• All Powder House locations
• Sports LTD (Village Shopping Center)
• Raley’s (Village Shopping Center)
• Powder House – Pioneer Trail
• Rainbow Mountain Sports
• The Rock House Sports
• George’s Ski & Snowboard
• Grocery Outlet
• The Ski Renter
• South Tahoe Ski and Board
• CVS at Bijou Center
• Lake Tahoe Community College Bookstore
and Foundation Office
• Knight’s Inn
• Barton Foundation
• Raley’s at the “Y”
• CVS at the “Y”
• Tahoe Paradise Chevron
• Lira’s Market
• Sunrise Ski Shop
• The Ski Renter in Strawberry (Twin Bridges)
• Strawberry Market (Twin Bridges)
• Fresh Pond Trading Post (Pollock Pines)
• Crystal View Station (Pollock Pines)
• Wine Country Chevron Station (Camino)
Credit card sales available through: Barton Foundation,
LTCC Foundation, The Ski Renter
Tickets valid only Feb. 13 -16, 2017
They will not be sold at Sierra-at-Tahoe.
No will call. 24-hour sales available
These tickets will not be sold at Sierra-at-Tahoe. While they’ve been available all week, by now each ticket is valid only for Friday, February 16, 2017. Remember, tomorrow is the last day to ski for $50. It’s the best price for a day of skiing at Sierra this year.

In other ski news, Liesl Kenney, Director of Communications at Squaw/Alpine, said that their 8th annual Kid-O-Rama extravaganza returns to Squaw Valley Alpine Meadows this President’s Day weekend from February 18-25. This family-friendly resort tradition features popular events like Big Truck Day, where kids can ride along in fire trucks, snowplows, and grooming machines, live kid-friendly music, an all-kid game an craft room, a Farm to Table Dinner + Movie, a Moonlit Snowshoe Tour + Dinner and more. Click here for a full lineup of events. It’s a true child oriented event. The smiles and laughter of the children will bring joy to everyone at the resorts. Bring you camera, full battery and empty memory card–you’ll need it.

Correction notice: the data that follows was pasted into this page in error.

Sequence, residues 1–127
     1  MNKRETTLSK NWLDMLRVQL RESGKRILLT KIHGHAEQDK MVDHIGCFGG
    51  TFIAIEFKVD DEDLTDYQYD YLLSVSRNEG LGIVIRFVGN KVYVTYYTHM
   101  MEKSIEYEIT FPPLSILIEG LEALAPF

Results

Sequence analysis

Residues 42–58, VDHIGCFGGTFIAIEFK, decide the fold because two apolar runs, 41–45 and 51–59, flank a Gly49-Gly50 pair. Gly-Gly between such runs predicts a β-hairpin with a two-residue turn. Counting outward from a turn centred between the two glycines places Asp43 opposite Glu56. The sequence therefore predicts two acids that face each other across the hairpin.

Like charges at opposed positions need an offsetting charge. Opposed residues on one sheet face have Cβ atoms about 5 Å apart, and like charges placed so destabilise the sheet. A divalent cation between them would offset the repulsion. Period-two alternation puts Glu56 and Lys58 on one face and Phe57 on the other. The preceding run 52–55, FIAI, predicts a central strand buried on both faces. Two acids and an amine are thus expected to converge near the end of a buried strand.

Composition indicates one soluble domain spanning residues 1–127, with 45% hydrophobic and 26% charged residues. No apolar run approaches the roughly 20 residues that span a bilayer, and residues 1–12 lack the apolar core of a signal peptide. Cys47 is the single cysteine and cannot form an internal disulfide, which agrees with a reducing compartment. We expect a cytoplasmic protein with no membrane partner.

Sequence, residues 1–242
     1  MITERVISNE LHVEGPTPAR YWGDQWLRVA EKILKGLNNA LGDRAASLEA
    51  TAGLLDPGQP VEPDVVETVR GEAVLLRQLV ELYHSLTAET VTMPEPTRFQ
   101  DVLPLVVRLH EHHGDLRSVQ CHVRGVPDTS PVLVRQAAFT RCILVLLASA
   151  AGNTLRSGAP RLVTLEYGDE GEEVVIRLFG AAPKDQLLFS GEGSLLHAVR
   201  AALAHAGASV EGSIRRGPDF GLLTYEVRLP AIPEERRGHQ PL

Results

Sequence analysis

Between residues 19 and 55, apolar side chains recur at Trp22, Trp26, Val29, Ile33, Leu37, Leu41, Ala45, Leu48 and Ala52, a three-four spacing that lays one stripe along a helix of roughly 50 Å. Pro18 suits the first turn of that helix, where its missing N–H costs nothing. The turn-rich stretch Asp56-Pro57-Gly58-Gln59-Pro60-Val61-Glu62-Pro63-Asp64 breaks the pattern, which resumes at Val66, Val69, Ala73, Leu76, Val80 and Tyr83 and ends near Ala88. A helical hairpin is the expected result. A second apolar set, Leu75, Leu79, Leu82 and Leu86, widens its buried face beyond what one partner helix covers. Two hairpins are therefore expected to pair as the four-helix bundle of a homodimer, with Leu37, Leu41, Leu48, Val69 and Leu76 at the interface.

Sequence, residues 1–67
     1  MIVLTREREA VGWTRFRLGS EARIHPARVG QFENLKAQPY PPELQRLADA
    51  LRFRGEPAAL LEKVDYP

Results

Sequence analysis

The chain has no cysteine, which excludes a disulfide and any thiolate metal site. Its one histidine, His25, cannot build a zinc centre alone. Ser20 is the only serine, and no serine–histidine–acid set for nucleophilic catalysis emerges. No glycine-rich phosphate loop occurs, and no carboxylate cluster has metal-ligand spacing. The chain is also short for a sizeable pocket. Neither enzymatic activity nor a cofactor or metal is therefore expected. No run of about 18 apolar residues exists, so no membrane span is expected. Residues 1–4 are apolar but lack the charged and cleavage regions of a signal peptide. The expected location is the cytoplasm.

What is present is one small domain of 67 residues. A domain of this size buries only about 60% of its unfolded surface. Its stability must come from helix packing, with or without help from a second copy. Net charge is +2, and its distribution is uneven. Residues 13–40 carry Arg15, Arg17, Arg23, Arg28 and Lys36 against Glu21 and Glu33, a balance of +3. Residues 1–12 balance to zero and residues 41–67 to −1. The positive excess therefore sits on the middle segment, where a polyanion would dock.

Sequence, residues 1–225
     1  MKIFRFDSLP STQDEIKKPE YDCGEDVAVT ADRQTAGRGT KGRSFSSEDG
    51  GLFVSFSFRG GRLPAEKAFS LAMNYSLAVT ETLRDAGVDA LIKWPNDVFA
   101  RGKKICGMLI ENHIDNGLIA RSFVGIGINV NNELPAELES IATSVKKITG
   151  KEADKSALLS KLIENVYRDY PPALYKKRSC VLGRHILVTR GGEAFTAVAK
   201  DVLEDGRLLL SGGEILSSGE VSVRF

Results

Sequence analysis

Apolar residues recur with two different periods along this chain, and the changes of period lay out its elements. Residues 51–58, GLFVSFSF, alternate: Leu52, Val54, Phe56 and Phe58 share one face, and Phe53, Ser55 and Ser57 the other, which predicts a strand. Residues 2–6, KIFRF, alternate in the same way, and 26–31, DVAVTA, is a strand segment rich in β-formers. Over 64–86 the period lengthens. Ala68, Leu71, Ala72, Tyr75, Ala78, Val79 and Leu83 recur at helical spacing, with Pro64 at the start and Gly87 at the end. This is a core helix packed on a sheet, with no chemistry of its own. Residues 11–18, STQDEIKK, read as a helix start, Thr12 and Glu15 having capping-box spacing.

Jessica VanPernis Weaver, of JVP Communications in North Lake Tahoe, sent out word that Homewood Mountain Resort has some pretty good deals going too. According to VanPernis Weaver, “Homewood offers the best value on daily lift tickets, with prices starting as low as $49 when purchased online in advance. In addition, lift ticket 3-Packs are also available for advance purchase for $66 per day. These non-transferrable lift tickets can be used by one person any three days of the 2016-17 season with no restrictions.

For those just starting out, the resort offers a $59 first-time adult ski and snowboard package that makes it incredibly affordable to learn to ski or ride. Valid Sunday through Friday, non-holiday, this package includes a half-day lesson, all-day rental equipment and lift ticket accessing beginner terrain. The Learn to ski/ride 3-pack extends the $59 lesson package for two additional days at the same daily rate, and adds in Homewood’s Learn to ski/ride guarantee—participants will be skiing or riding down one of the resort’s signature upper mountain beginner runs by the third day or the fourth day is free.”
Keep in mind that all the skiing in the Tahoe area is on a record pace snow pack (Homewood’s count: 88 inches at the base area to 191 inches on the upper mountain), with half the snow season left. It simply hasn’t been like this since the winter of 2010-2011. Take advantage of it.

Posted in Outdoor Recreation, ski resorts, skiing

Tahoe snowpack at 191%

New snow at Squaw Valley

Squaw Valley snow Jan. 2017
Photo Courtesy of Squaw/Alpine PR/JT Connery

As the snow keeping falling, the snowpack just keeps getting deeper. Overall, the snow on our part of the Sierra is at 173% of normal. Tahoe’s is at a whopping 193%. With February and March typically adding to the count, this could be one of those years that will be talked about for a long time.